Lloyd’s Register of Shipping (LR) has released its Global Marine Fuel Trends 2030 study that shows that heavy fuel oil (HFO) will continue to be the dominant fuel, with LNG developing to represent 11 percent of the total fuel consumption, and low sulfur fuel and hydrogen emerging as alternatives in certain scenarios.

The scenarios are: status quo, meaning that the world continues its current growth momentum with some boom and bust cycles over the next 20 years; there is a bigger shift of concern to resource limitations and environmental degradation focusing on sustainable development; or countries act more in their own national self-interest.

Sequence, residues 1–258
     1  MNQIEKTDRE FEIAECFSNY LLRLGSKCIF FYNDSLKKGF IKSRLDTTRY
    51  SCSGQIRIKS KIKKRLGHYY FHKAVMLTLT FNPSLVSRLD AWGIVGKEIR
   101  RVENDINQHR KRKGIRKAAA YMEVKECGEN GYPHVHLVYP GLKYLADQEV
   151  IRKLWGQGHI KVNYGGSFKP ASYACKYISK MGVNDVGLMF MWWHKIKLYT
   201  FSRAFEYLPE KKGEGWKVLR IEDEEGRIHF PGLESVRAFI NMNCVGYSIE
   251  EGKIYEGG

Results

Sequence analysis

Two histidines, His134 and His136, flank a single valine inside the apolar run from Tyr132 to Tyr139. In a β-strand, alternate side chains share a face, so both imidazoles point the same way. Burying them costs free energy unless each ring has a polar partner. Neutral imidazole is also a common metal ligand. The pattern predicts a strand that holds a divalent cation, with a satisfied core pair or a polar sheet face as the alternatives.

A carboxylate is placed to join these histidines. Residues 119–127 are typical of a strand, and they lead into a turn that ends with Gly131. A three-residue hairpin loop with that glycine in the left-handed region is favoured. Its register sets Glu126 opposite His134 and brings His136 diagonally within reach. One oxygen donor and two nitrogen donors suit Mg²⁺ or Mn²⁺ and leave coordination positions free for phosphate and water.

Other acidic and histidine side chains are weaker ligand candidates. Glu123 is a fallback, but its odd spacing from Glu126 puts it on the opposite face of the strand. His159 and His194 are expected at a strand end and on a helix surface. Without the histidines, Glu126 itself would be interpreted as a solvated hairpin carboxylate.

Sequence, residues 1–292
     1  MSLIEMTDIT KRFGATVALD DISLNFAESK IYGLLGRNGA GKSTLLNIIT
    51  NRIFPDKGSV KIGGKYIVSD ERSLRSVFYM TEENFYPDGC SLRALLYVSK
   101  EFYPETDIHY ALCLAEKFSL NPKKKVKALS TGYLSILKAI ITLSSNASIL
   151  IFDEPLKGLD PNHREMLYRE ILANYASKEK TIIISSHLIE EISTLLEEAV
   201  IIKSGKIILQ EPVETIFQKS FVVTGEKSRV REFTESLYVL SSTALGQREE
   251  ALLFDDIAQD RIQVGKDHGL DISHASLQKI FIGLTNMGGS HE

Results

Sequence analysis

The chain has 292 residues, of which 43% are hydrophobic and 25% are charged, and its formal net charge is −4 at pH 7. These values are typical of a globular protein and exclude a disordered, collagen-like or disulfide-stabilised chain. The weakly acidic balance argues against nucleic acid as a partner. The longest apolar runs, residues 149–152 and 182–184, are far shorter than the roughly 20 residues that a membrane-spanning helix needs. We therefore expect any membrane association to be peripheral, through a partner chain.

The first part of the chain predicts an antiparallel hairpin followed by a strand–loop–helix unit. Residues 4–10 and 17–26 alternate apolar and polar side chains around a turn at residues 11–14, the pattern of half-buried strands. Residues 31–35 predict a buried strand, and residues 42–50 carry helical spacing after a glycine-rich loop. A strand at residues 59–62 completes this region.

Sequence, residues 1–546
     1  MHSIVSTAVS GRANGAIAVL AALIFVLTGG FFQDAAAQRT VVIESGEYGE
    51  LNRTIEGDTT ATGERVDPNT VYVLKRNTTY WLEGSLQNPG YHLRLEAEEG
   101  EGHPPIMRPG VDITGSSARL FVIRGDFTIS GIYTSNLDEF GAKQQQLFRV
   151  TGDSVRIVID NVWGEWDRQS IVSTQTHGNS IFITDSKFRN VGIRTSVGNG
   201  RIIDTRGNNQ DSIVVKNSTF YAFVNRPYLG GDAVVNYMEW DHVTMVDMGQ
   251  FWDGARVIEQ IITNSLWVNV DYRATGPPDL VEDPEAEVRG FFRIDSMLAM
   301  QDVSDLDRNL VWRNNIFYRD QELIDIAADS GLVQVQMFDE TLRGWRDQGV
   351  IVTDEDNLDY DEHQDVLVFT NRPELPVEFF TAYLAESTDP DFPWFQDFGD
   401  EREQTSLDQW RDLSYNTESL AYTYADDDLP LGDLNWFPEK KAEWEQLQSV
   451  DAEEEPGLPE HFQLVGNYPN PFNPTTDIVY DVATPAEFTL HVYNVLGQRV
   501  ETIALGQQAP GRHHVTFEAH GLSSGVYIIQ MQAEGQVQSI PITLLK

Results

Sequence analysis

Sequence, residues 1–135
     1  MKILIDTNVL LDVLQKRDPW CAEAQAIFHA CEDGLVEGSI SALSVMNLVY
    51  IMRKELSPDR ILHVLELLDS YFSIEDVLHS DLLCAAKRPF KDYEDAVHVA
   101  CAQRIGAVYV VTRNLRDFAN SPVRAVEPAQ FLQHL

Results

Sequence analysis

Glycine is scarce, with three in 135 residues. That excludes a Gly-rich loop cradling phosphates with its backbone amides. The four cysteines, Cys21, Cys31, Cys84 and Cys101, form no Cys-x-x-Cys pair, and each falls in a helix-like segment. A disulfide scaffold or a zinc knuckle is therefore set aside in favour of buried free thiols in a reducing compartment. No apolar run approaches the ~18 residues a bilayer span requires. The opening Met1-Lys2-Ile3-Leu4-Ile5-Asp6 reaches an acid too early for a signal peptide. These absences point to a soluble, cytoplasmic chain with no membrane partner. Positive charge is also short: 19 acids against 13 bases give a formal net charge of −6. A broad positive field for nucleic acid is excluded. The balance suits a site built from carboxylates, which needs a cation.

According to LR, the fuel mix for cargo ships will look less conventional by 2030. (The study did not mention cruise ships.)  Pending different scenarios, LR predicted that HFO will represent from 47 percent of the overall fuel consumption in the status quo scenario to 66 percent in the competing nations scenario.

The declining share of heavy fuel oil will be offset by low-sulfur alternatives and by LNG, but this will happen differently for each ship type and scenario.

“I think the report underlines that any transition from a dependency on HFO will be an evolutionary process,” commented Project Leader Dimitris Argyros, LR’s lead environmental consultant. “LNG is forecast to grow from a very low base to a significant market share by 2030 – even if there is no major refit revolution – most of the LNG take-up will be in newbuilds. But it is important to note that an 11 percent share in 2030 is equivalent in volume to about 20 percent of the bunker market today.”